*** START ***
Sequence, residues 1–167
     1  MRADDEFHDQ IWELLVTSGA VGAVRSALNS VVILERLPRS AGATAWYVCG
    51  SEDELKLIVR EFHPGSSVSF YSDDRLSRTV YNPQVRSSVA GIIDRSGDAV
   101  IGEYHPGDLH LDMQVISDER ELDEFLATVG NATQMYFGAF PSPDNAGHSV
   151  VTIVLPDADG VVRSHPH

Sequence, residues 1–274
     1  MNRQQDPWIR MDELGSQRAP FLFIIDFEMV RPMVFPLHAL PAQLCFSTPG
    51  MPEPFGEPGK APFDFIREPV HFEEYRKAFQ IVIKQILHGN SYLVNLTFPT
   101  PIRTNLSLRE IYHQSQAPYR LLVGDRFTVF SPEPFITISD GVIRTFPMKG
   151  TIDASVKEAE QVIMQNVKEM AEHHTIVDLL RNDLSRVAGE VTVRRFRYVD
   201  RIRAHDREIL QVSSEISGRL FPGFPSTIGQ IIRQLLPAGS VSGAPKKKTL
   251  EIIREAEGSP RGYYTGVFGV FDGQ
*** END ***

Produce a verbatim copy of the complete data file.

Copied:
Sequence, residues 1–167
     1  MRADDEFHDQ IWELLVTSGA VGAVRSALNS VVILERLPRS AGATAWYVCG
    51  SEDELKLIVR EFHPGSSVSF YSDDRLSRTV YNPQVRSSVA GIIDRSGDAV
   101  IGEYHPGDLH LDMQVISDER ELDEFLATVG NATQMYFGAF PSPDNAGHSV
   151  VTIVLPDADG VVRSHPH

Sequence, residues 1–274
     1  MNRQQDPWIR MDELGSQRAP FLFIIDFEMV RPMVFPLHAL PAQLCFSTPG
    51  MPEPFGEPGK APFDFIREPV HFEEYRKAFQ IVIKQILHGN SYLVNLTFPT
   101  PIRTNLSLRE IYHQSQAPYR LLVGDRFTVF SPEPFITISD GVIRTFPMKG
   151  TIDASVKEAE QVIMQNVKEM AEHHTIVDLL RNDLSRVAGE VTVRRFRYVD
   201  RIRAHDREIL QVSSEISGRL FPGFPSTIGQ IIRQLLPAGS VSGAPKKKTL
   251  EIIREAEGSP RGYYTGVFGV FDGQ